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Liberia

After narrow victory, Boakai set to review resource contracts

Spiralling prices sunk Weah's bid for a second presidential term but strengthens faith in elections

Due to accede to Liberia's presidency in January after beating incumbent George Weah by less than 2%, Unity Party candidate Joseph Boakai's election victory gives electoral politics a boost in a region with four military governments. Weah is also winning plaudits for his swift and graceful concession speech on Friday when 98% of the results were published.

Within days, Boakai has warned he will launch a comprehensive review of the country's natural resource contracts. But he will have to manage the politics carefully as his Unity Party lacks a majority in the two-chamber legislature.

The opacity surrounding Liberia's oil and mining contracts was cited by voters as a key reason why they would vote against President Weah's bid for a second term in last month's elections.

Yet many of the same problems had emerged under the presidency of Ellen Johnson-Sirleaf when Boakai was her vice-president. They commissioned the London-based accounting firm Moore Stephens (now Moore Global) to review 68 resource contracts worth US$8 billion.

It found that the negotiations had been conducted properly in just two of the contracts. The problems included a lack of competitive bidding, lapses in procurement procedure, involvement of opaque third-parties and missing documents.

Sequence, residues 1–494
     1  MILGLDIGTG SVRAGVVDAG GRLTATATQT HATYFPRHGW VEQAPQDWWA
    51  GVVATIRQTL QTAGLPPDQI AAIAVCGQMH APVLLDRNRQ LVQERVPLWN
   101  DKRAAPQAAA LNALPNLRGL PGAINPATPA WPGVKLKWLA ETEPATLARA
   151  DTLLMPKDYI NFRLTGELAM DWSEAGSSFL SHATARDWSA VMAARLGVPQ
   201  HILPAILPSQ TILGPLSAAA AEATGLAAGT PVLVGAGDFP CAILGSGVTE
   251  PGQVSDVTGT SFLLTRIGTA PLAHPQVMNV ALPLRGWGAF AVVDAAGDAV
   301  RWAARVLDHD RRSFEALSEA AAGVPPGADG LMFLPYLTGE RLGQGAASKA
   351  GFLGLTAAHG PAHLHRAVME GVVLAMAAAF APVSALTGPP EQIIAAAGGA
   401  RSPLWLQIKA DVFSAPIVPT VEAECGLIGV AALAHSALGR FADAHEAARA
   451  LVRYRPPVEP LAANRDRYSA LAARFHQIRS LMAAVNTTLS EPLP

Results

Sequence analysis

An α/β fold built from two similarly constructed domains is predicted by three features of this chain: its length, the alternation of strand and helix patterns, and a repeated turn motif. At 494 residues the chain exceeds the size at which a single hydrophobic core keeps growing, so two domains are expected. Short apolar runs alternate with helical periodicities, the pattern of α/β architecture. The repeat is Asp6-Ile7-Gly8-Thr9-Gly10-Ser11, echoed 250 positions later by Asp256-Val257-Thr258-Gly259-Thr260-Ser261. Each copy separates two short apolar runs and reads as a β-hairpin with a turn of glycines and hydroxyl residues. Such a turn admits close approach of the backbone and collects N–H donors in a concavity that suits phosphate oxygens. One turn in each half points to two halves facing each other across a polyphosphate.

Boakai's early announcement of his plans for government shows a high level of confidence and preparedness despite what had been a closely fought election campaign.

The margins were tight in both rounds of voting. Turnout in the second round on 14 November fell to 66% from 78% in the first round on 10 October. Weah's total vote dropped by 10,000 to around 794,000 while Boakai attracted most of the votes taken by minor parties in the first round.

Widespread public frustration at the government's failure to boost living conditions over the past five years appears to have been decisive in getting Boakai over the line (AC Vol 64 No 21, Weah and Boakai brace for second round & Vol 64 No 23, Weah-Boakai election race tests 20-year peace settlement).

Weah's Congress for Democratic Change (CDC) has won most seats in the House of Representatives and Senate but will not have an outright majority in either chamber.

Weah conceded defeat on 17 November after the electoral commission reported that Boakai had garnered 50.89% of the vote to Weah's 49.11% from more than 99.5% of the polling stations. Weah's concession, the speed of which has surprised pundits in Freetown and abroad, has been welcomed by the United States and the European Union.

Following allegations of vote rigging and manipulation by CDC officials ahead of the second round, US State Department officials had repeated their threat of withdrawing visas from government ministers and officials.

'The CDC has lost the election, but Liberia has won. This is the time for graciousness in defeat, to put national interest above personal interest,' said Weah.

The conduct of the polls has been praised by international observers. 'Election Day was calm and we noticed organisational improvements of the process since the first round,' Jarek Domański, the Deputy Chief Observer of the EU's mission, reported.

'Procedural irregularities were reduced in the run-off also thanks to a refresher training programme for the polling personnel organised by the National Elections Commission,' the EU EOM added.



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